This post is intended to advocate among quality teams across OpenStack to try, as much as possible, to push their tests upstream. As you may see throughout this post, we have several advantages by taking this approach.
At first, why should we bother to submit our tests upstream and go though the know OpenStack's review process? There are some obvious (and not so much obvious) reasons:
The obvious reason: if upstream, the tests "automatically" have the community support. This is one of the greatest advantages of open source, we have lots of people (paid, most of the time) to maintain what is upstream - so if anything changes and fixes are needed or if bugs are found, anyone in the community has the potential to perform the fix, not necessarily the first person that proposed the tests patches.
The not so obvious reason: if upstream, means the tests are automated! The advantages of automated tests are well known, especially for projects with a fast release pace as OpenStack; new releases come with a bunch of new features twice a year, and by having automated tests we make sure this new features don't break the old ones.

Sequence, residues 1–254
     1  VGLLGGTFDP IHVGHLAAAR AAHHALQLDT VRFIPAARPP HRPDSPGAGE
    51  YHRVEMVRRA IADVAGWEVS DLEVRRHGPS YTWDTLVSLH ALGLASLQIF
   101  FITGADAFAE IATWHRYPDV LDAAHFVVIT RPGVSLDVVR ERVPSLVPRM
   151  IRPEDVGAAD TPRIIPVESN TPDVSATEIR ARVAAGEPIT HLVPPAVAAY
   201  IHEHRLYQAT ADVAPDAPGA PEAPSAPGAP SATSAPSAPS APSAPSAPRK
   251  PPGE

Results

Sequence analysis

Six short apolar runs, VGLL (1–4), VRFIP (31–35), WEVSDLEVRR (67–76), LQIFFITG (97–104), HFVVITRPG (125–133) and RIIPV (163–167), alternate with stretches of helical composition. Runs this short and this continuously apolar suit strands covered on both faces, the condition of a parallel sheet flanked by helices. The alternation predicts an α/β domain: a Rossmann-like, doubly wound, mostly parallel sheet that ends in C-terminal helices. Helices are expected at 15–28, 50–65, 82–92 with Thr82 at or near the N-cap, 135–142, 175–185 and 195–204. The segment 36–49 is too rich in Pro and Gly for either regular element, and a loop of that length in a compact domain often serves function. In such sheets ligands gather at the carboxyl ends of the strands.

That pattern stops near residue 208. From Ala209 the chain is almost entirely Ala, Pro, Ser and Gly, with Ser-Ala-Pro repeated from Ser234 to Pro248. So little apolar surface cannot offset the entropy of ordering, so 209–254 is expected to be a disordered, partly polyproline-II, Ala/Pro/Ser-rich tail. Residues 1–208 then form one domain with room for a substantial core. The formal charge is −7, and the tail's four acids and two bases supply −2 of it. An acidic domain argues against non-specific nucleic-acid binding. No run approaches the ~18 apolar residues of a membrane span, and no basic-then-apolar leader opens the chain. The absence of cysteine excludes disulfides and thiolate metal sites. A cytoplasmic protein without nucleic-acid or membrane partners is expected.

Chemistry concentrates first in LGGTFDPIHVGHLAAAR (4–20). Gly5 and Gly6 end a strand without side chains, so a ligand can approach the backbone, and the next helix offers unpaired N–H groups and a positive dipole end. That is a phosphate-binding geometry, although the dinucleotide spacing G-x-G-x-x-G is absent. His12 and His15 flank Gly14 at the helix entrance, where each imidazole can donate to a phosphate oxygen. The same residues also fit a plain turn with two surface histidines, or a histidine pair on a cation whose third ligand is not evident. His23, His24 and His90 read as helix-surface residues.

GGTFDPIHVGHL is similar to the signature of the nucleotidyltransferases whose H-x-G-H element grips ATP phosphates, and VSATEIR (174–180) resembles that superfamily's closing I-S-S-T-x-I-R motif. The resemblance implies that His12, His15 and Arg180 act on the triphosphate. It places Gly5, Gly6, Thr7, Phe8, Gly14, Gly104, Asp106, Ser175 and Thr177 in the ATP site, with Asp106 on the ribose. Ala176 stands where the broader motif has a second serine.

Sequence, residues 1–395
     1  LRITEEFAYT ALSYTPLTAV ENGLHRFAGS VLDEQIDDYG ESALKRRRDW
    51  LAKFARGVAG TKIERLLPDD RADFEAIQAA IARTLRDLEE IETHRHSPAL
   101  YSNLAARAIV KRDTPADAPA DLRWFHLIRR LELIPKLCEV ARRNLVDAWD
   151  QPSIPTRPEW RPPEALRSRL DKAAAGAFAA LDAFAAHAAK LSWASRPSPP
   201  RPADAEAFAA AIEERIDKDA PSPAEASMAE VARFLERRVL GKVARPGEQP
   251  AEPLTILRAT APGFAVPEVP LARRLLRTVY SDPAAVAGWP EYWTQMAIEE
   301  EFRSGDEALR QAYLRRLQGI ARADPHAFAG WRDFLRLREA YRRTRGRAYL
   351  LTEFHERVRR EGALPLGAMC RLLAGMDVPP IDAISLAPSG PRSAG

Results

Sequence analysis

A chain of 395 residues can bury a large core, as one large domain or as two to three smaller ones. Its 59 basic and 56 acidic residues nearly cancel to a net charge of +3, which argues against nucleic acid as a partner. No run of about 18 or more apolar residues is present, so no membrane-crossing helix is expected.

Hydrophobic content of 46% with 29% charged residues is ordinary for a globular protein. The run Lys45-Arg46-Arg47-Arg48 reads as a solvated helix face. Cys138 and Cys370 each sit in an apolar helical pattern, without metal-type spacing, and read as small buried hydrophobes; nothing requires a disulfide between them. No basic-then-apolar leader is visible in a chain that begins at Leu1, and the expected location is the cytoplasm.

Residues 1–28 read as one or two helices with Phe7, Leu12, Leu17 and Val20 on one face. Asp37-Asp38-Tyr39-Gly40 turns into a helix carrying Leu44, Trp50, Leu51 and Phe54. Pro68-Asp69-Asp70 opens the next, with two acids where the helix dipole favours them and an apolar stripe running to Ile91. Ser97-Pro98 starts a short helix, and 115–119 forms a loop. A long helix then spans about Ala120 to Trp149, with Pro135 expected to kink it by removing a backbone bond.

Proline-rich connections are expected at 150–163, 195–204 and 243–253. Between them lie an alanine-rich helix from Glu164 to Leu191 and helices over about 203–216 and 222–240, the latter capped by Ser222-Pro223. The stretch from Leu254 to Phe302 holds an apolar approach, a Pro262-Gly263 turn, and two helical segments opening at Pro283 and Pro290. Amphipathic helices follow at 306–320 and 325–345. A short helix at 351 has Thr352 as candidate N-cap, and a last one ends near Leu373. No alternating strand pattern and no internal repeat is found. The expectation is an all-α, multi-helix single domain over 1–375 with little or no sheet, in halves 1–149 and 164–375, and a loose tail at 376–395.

Also having the opportunity to perform quality testing in a new feature early in the release cycle or even before it merges (via patches dependencies) can produce much cleaner releases with fewer backports from bug fixes.
QA in OpenStack
Knowing about the importance of QA, OpenStack has had upstream efforts since its earliest days. In this way, making possible the project's quality verification.
Generally speaking, in OpenStack we have two different test queues: a check gate and a merge gate. The check gate is responsible to run the first set of tests against a new proposed change, this is done independently of the current change score (-2, -1, 0, +1 or +2). After the change is approved by a core reviewer, the merge gate tests run against the change again. Only if all the voting tests pass, the change is finally merged in the repository.
Here we will give a brief description about some of the projects in OpenStack related to QA and infra. It is not intended to be an extensive list containing details about all the QA/infra projects in OpenStack, but rather a short list highlighting some of the most important ones.
For more details, everyone is welcome to reach the community out on IRC (freenode): #openstack-qa, #openstack-infra, #rally, #zuul... :)
DevStack is a project that provides a set of scripts to easily bring up a complete OpenStack - developer friendly - environment. The OpenStack integration tests usually run in a dsvm (DevStack virtual machine). We also have the DevStack Gate project, that is responsible to setup DevStack in the virtual machines prior running the gate tests.